A welcome home 50 years in the making
Vietnam veterans honored during Fort Polk ceremony
STORY, PHOTOS BY GINGER BROOMES
FORT POLK — The enormous hangar door slid upward Thursday morning, as music echoed through the speakers, slowly revealing a line of 128 Vietnamera veterans — some in wheelchairs or assisted by canes — all in formation. The Army veterans were returning home to a heroes’ welcome, many decades after what was — back then — the most contested and protested of all American wars.
Hundreds of family, friends, civic leaders and fresh-faced recruits greeted the men with thunderous applause and standing ovations at the 1st Battalion, 5th Aviation Regiment hangar at Fort Polk. The men stood backs-straight, even the ones who had trouble standing, and tipped their hats at the gathered audience there to celebrate them. Most of these men had never had this welcome that was 50 years past due. In the late 1960s and early 70s, returning to U.S. soil from fighting in Vietnam didn’t earn a soldier a parade but instead shouts of “baby killer” or spitting or worse from many people protesting the nation’s involvement in what many considered an unwinnable war.
Bill Kennedy was one such soldier who served in Vietnam in 1967 and 1968. His last tour was in 1971 on Tan My island in Vietnam. Kennedy was born in Japan, a self-described “officer’s brat” as his own father was in the Army raising his family in Japan during reconstruction after World War I.
As an officer’s son, then later with his own enlistment in the Army, he laughed that he’d “literally been around the world.”
Surrounded by hundreds of people now, in celebration of his and others’ homecomings, he recalled the feeling of flying back home after his tour in Vietnam was over.
“We got our typical welcome — spit and ‘boo,’ not like the guys (now) who come home,” he said. “We were chastised. It happened in the west coast when we landed at Travis Air Force Base, and at the civilian airports when we’d catch a flight home we’d be harassed there.”
Asked what he thought about this celebration today, he paused.
“Everybody’s getting on the bandwagon, I guess you could say, to finally welcome us home. It kind of makes up for it. Back then it was a different mindset from what it is today.”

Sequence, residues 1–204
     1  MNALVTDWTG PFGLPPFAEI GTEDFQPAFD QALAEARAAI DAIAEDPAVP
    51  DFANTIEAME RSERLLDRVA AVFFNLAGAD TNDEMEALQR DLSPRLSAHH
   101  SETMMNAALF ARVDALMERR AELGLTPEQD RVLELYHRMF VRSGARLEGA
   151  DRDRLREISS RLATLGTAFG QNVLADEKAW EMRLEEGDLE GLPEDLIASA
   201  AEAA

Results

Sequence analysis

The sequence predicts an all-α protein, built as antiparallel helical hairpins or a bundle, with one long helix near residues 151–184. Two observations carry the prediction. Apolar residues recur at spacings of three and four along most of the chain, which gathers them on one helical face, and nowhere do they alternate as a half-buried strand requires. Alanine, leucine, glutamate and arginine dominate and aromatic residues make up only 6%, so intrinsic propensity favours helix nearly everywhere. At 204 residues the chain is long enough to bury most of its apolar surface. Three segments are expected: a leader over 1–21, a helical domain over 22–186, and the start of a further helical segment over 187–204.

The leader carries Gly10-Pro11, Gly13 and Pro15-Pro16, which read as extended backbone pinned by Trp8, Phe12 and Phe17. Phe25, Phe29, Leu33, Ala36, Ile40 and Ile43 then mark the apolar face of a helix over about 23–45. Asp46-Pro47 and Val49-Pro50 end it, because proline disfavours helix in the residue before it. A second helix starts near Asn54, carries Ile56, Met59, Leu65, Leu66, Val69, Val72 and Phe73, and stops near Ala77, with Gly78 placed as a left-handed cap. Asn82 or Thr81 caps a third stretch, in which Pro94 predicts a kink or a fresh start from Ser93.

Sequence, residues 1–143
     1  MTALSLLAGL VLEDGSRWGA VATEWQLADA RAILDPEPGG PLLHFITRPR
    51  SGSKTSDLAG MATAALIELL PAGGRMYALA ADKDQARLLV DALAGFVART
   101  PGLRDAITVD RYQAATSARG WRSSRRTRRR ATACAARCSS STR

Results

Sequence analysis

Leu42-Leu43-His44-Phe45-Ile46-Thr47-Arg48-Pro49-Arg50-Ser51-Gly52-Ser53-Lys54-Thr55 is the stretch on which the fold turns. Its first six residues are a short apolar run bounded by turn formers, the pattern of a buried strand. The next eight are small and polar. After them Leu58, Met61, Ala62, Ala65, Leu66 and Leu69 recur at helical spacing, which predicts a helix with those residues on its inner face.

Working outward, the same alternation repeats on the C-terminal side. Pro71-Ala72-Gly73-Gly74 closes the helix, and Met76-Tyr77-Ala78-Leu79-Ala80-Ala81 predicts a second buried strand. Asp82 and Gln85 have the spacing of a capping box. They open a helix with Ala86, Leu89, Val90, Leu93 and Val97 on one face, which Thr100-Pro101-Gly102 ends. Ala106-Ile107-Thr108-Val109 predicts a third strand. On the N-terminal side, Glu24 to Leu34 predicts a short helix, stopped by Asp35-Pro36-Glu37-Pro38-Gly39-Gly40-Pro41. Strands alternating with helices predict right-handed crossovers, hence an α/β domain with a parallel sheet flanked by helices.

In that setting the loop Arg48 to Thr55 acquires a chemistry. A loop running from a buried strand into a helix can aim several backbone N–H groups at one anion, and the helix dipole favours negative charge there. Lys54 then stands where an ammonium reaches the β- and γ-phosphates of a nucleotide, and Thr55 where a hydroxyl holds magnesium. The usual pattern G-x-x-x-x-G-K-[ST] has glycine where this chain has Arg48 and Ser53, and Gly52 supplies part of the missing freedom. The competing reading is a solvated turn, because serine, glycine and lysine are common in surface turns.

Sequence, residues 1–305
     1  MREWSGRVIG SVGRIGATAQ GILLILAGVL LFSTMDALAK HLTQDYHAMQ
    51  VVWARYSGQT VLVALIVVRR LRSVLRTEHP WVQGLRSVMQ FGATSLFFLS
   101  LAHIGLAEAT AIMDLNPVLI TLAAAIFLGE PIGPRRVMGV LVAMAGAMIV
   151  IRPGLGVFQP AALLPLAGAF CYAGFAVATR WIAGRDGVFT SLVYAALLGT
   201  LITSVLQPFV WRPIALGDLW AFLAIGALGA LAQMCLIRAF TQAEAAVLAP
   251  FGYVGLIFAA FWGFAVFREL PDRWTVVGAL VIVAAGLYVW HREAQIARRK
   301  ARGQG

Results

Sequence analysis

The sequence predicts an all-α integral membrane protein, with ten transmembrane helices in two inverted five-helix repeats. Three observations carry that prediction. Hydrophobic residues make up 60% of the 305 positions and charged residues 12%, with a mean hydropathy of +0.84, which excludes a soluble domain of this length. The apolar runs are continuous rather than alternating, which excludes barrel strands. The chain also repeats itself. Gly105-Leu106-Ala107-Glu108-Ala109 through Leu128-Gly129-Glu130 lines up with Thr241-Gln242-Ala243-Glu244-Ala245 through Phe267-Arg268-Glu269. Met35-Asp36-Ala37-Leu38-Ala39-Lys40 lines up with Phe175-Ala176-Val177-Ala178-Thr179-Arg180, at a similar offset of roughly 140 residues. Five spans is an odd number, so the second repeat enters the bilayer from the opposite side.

He held a pin he had just received at this day’s veteran’s ceremony — a “welcome-home” pin each veteran receives at the festivities.
“I appreciate what they’re doing, I enjoy it, it’s good.”
Another honoree at the day’s events, Paul Cador, served in Vietnam from 1966 to 1969, and his last assignment back then was as operations sergeant in the 90th Replacement Battalion welcoming troops at the time to the Republic of Vietnam.
“I served for 30 years total including Germany and Japan, Europe,” he said. “I hear a lot of people talking about the protestors (then), and a lot of stories from the returning veterans … people spitting on them. I came back through several airports (after Vietnam) and there were protestors there, and my thought was, yes, they have a right to protest because this is America, but they don’t have a right to spit on me, and I don’t accept that.”
Although he had no welcome years ago, he said he appreciates the welcome after the fact.
“We have ceremonies in Lake Charles that are outstanding, really great,” Cador said.
“I feel good about my duty. I feel good about how I was treated. I served 30 years in the military, and I’m just proud of it. I’m 75 years old and content.”
Officiating the Salute to Veterans, Cmdr. B.G. Frank took the podium and addressed the attendees.
“On behalf of the Joint Readiness in Fort Polk, welcome all. This morning, the most important event at Fort Polk is this welcomehome ceremony for the 125 heroic Vietnam veterans sitting before us, who served our nation with distinction in combat operations across Vietnam.”
Frank then cited “The Warrior’s Creed,” a motto legendary in the Army.
“I will always place the nation first. I will never accept defeat. I will never quit. I will never leave a fallen comrade,” he recited.
“For our Vietnam veterans today, you are surrounded in this aviation hangar by a generation of soldiers that has fought in Iraq and Afghanistan, the longest in American history — 17 years.
“When our soldiers come home, they receive a hero’s welcome … banners, flags and our families. Our generation of soldiers here today wanted to provide you will a long-overdue welcome home — 50 years after your service in Vietnam. Each of you responded when duty called. May we never forget how special it is to live in a nation that has been defended by these patriotic veterans.”